Bonus story: Stone Cold
Shane shifted in the waiting room chair. Air hissed out of a pinprick hole on the right side of the vinyl cushion. He leaned left for a second longer this time, then shifted back. The hiss was a little louder. Where was the air getting into the cushion? Certainly not through the tiny hole.
His mother sighed beside him. “Shane, sit still.”
Shane obeyed. Sitting still had been easy for a while now.
One of the beige doors in the beige waiting room opened. A balding, middle-aged man whose suit was a little too tight stepped through. “Hello Mrs. Myers, Shane. I’m Dr. Reis.”
Mom stood, and Shane followed suit. “Thank you for working us into your schedule, Dr. Reis.”
Dr. Reis smiled at them both. “It’s my pleasure.” Then he focused on Shane. “How about we talk for a little while, Shane?”
“Okay. But I’m not crazy.”
Dr. Reis’ smile didn’t falter. “I didn’t say you were.”
“Mom thinks I am.”
The doctor was unflappable. “Your mother’s worried about you, Shane, that’s all.”
Shane nodded, then looked up at Mom. She was worried, and it was his fault. “I’m sorry. I’m okay, really.” He held up his bandaged right hand. “Hardly hurts at all anymore.”
Mom bit her lip and squeezed Shane’s shoulder. A hint of her concern penetrated the cool calm enveloping him. “That’s good, honey.”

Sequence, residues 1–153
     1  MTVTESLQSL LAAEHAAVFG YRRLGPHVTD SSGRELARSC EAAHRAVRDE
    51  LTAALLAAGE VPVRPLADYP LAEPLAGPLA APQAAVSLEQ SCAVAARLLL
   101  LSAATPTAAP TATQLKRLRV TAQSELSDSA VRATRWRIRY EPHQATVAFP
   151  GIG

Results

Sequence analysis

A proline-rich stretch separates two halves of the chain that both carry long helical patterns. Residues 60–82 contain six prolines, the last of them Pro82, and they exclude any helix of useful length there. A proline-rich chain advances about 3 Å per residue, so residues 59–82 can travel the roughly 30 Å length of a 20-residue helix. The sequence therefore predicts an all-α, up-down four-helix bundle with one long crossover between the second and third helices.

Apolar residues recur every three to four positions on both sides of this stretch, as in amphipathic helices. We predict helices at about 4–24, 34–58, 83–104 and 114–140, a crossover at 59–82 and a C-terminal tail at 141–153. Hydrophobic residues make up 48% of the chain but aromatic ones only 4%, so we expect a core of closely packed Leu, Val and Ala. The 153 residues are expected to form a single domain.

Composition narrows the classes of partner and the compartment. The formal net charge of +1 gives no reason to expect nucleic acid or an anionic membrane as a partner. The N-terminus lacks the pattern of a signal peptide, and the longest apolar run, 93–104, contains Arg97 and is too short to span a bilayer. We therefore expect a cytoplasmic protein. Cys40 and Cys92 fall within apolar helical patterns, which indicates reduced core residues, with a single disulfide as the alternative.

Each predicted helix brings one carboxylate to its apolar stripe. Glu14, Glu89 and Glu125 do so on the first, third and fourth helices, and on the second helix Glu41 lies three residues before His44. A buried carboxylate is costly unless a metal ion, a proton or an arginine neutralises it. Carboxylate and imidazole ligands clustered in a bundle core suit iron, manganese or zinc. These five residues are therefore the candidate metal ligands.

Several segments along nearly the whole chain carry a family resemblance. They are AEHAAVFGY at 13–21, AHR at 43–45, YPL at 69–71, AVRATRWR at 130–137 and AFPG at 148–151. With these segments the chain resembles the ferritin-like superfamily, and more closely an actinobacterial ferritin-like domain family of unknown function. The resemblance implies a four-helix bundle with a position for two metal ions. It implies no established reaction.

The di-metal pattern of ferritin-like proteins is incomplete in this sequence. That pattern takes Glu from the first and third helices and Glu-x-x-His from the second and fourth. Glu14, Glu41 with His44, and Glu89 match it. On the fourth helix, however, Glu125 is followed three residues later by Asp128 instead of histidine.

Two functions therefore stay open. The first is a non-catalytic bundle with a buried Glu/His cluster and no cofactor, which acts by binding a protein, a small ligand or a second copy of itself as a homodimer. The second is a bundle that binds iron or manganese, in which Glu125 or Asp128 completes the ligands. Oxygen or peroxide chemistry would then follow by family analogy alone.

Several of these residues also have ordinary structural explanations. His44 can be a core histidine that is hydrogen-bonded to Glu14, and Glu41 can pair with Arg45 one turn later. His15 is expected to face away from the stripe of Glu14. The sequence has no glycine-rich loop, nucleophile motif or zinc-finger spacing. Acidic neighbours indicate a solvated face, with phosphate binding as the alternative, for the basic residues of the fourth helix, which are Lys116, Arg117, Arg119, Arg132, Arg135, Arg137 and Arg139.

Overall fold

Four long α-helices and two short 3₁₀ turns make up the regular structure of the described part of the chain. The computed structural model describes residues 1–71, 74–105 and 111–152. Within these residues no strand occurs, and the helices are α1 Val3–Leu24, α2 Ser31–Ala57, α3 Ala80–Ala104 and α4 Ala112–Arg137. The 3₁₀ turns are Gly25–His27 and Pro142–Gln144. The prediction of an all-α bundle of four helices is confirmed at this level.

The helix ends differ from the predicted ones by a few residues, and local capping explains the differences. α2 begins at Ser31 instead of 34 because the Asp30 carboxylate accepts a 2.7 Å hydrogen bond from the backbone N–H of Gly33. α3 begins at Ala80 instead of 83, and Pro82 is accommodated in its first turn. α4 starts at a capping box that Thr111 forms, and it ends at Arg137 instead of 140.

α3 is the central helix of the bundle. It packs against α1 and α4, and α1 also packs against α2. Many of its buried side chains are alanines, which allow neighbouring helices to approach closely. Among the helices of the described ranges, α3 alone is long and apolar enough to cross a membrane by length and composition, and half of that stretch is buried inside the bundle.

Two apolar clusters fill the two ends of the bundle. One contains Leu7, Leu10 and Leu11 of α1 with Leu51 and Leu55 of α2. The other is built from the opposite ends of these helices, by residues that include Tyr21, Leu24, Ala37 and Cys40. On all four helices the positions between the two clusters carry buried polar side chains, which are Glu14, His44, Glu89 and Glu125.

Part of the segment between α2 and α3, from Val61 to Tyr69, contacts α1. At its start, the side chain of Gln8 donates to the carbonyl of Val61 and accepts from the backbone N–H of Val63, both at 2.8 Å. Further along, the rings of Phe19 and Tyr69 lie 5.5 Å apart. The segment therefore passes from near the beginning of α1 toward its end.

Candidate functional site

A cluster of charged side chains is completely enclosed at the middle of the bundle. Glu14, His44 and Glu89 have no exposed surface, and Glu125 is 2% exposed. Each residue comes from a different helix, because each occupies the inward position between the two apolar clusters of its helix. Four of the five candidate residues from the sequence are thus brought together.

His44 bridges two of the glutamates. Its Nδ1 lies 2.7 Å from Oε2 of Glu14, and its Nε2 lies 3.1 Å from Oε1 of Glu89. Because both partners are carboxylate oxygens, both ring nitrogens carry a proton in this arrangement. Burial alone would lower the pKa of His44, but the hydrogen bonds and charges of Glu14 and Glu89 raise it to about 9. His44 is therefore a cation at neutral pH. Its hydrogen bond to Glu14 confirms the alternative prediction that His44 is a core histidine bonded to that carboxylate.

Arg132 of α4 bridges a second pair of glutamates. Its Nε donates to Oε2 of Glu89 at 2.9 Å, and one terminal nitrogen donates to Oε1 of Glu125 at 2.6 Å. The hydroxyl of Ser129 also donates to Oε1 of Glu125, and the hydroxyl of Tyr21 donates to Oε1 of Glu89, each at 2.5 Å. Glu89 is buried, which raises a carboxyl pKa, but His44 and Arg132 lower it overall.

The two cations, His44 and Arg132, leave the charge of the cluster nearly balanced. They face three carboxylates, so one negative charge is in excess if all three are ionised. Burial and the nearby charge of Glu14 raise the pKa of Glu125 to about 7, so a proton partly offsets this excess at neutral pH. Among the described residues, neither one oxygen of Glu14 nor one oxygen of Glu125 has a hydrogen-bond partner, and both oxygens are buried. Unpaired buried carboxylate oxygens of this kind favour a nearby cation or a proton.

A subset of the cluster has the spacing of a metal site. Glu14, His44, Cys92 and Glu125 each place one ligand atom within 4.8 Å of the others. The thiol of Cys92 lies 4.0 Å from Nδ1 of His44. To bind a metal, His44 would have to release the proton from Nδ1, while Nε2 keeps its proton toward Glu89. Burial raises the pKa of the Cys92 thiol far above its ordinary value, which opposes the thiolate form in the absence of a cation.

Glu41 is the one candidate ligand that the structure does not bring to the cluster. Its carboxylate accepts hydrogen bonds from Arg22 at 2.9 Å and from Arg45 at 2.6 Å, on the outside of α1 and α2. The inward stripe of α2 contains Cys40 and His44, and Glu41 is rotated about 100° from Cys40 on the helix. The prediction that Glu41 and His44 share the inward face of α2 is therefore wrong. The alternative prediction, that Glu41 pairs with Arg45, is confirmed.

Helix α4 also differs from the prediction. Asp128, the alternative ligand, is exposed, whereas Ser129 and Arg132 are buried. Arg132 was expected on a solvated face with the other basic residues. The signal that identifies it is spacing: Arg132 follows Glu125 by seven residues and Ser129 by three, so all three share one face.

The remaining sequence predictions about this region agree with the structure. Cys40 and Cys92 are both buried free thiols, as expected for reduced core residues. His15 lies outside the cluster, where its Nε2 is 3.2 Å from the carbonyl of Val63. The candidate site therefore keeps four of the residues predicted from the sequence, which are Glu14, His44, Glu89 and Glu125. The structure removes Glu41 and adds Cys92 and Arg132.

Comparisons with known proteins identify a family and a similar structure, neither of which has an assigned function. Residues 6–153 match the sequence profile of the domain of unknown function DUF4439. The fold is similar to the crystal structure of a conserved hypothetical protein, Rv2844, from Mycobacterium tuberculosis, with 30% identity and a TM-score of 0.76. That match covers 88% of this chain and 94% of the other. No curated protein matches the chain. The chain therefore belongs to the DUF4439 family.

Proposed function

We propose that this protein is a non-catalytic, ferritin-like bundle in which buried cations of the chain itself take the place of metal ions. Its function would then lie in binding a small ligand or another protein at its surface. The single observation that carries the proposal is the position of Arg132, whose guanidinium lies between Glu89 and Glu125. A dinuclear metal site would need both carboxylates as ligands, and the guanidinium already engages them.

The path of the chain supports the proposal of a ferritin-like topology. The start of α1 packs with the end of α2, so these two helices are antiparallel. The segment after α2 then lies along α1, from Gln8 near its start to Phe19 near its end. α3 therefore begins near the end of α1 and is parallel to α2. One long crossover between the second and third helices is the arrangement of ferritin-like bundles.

Dr. Reis gestured at the open door. “We’ll talk in here, Shane. Mrs. Myers, feel free to turn on the TV if you’d like.”
Mom nodded. Shane gave her a requisite smile before following Dr. Reis into his office.
Shane looked around as Dr. Reis closed the door behind them. The room was small and spartan. A bookcase dominated one wall. The only other furnishings were two armchairs with an end table between them and a desk near the bookcase. Shane frowned at the doctor, who sank into one of the armchairs. “I thought shrinks had leather couches for people to lay on.”
Dr. Reis chuckled. “TV shrinks, maybe. Do you know where the term ‘shrink’ comes from?” Shane shook his head. Dr. Reis motioned at the other chair, so Shane took it. “Head-shrinker. In my 25 years of practice, I have yet to reduce the size of patient’s head.”
Shane grinned. If not for the cold inside he’d have laughed. “Are we going to talk about the fight?”
“If you’d like.” Dr. Reis picked up a notepad from the end table, then pulled a pen from an inside suit pocket. “Is there something you want to talk about?”
“Not really. But I think Mom wants me to tell you about the fight.”
“Okay, then.” Dr. Reis frowned at Shane’s fading black eye. “Is that how you hurt your hand and your eye?”
“Yeah. But I hurt Aaron lots more.” Thanks to the calmness he didn’t sound like he was bragging.
The doctor wrote something on the notepad. “Who’s Aaron?”
“He’s a fifth-grader. Just because he’s tall and fat he thinks he can boss everyone around. But not me.”